We woke up Sunday morning at dawn to the sound of gunshots just north of us, then within minutes more gunshots south of us. It was a little unnerving until we realized that it was the opening day of dove season there. Not so unnerving, but still a little obnoxious and disturbing for an otherwise quiet Sunday morning. This went on until about 10 AM, then resumed about 6 PM until dusk, and repeated on Monday and Tuesday. I must say that there are either millions of doves within a few hundred yards, or these hunters are terrible shots – hundreds of shots within probably 1/4 mile every morning and evening!

There was some good from staying at the Waco North RV Park – Larry met some volunteer fire fighters from the Brenham, Texas, area. As usual Larry picked their brain about their department. All volunteer, some tax $$ support, but most of the revenue comes from one or two primary community fund-raisers. Quite a different model than what those of you in California are familiar with. He had a good visit and left them with a challenge coin apiece. He also me a man who retired from the Tulsa, Oklahoma Police Department.

On Monday Sue wanted to see the ‘famous’ Magnolia Market at the Silos, so Larry tagged along. Pretty nice market – and popular also. Sue was ‘not impressed’. It reminded Larry of an overgrown and overpriced Pier One, Pottery Barn or Home Goods store.

Next on the itinerary was lunch … On our way to the Dr. Pepper Museum we found a little Mexican place called Hecho En Waco. Great Mexican food (first time since we arrived in Texas, if you can believe that), very busy on this holiday Monday at lunch-time.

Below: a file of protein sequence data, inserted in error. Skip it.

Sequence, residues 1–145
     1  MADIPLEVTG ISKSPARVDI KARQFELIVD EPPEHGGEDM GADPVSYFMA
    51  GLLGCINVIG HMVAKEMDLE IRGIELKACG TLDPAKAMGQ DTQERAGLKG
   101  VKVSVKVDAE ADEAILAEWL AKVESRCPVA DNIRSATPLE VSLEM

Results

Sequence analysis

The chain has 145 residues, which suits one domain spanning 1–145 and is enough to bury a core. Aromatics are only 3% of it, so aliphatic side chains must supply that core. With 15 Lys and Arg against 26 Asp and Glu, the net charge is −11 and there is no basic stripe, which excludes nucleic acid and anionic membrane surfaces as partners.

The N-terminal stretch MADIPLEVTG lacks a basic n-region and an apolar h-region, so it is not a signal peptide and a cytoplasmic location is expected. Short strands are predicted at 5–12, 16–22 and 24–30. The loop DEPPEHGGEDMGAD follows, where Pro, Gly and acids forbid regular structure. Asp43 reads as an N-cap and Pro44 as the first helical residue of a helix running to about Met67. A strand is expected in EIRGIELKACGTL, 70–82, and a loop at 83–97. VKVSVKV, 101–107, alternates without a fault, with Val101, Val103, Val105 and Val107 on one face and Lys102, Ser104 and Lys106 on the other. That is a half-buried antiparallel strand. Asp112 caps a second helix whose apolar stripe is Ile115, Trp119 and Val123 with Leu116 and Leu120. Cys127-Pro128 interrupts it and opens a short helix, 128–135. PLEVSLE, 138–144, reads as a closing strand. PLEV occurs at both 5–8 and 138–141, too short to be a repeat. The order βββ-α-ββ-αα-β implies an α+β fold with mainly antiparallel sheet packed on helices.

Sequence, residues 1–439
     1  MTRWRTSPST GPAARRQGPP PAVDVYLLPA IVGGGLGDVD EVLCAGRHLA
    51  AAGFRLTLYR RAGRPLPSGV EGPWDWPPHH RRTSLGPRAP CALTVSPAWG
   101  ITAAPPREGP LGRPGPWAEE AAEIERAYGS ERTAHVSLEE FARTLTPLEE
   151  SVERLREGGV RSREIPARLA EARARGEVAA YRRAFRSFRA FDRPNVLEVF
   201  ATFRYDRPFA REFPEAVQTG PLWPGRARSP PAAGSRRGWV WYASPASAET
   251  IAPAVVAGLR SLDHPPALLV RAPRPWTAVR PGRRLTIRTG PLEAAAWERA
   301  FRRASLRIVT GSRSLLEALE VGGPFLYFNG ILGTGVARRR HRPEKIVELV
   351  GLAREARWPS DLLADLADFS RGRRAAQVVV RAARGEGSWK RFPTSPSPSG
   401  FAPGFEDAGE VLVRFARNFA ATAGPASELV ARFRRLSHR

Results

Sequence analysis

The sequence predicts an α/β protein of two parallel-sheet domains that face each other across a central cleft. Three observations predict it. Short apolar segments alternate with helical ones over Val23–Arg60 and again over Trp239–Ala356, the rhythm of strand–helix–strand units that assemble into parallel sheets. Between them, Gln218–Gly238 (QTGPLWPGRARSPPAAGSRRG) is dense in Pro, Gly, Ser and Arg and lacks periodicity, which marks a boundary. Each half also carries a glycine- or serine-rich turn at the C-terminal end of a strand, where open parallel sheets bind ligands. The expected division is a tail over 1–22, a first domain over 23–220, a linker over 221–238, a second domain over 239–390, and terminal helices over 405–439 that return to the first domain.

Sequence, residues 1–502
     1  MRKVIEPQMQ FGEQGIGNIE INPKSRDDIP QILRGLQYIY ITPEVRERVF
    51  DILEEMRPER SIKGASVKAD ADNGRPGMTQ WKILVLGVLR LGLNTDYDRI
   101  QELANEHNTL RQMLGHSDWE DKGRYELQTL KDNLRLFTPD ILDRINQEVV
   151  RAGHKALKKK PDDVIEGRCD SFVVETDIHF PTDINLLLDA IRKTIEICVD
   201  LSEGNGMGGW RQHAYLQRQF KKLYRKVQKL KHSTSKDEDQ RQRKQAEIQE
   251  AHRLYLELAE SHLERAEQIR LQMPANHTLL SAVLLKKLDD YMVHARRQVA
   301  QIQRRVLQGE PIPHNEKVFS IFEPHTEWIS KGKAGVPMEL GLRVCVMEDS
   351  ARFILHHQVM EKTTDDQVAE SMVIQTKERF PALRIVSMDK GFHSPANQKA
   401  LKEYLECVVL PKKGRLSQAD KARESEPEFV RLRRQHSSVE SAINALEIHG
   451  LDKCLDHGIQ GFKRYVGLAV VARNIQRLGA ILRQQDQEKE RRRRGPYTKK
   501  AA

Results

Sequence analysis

On to the Dr. Pepper Museum! I did not know, but now I do, that Dr. Pepper was invented in Waco! The museum included the history of not only Dr. Pepper, but also soft drinks and sodas as well. Three stories high of history! Another good place to visit if you’re ever in Waco. My oldest brother, David, is a Dr. Pepper fan, so we picked up a little something for him and sent it out today. To answer your question, ‘no one knows where the name “Dr. Pepper” came from.’

After the Magnolia Market at the Silos, Sue wanted to visit the Spice Village. It is a complete second floor, one block long and 1/2 block wide of vendors selling all sorts of cool things – but no spice to be found. While Sue was exploring the vast shopping opportunities, Larry went downstairs to the bar. After perusing over 150 beers on tap he settled for a simple Coors Light! First beer in 6 months and probably last beer for six months!

I’m writing this from the Brenham area where we are exploring now. We came down Highway 6 through College Station, home of the Bush Library and the Texas Aggies. After a couple days here we head home to Kerrville by way of San Antonio for Grandparent’s day at school! We have seen some fantastic countryside and lots of rural! Still pleased with our choice to leave California in the dust and expand eastward! Every day another news story appears about California that reinforces our decision. We’ve got the retirement thing taken care of as well as health insurance; however, we still need to select a primary care physician, dentist, and vision office.

More soon …

Published by Larry Crabtree

Retired fire fighter; 33 years with CAL FIRE followed by 5 years with Mi-Wuk Sugar Pine FPD in Central California; Principal Consultant at Crabtree Consulting Services, LLC, for 12 years providing services to small fire agencies in California. Licensed by the FCC in 2011 as an amateur radio operator (ham); Call Sign WV6JVJ. Married Sue in 2001; 3 children, 4 grandchildren. Socially conservative, financially conservative, ecologically conservative (before it was PC); patriot who stands for the national anthem; strong believer in christian family values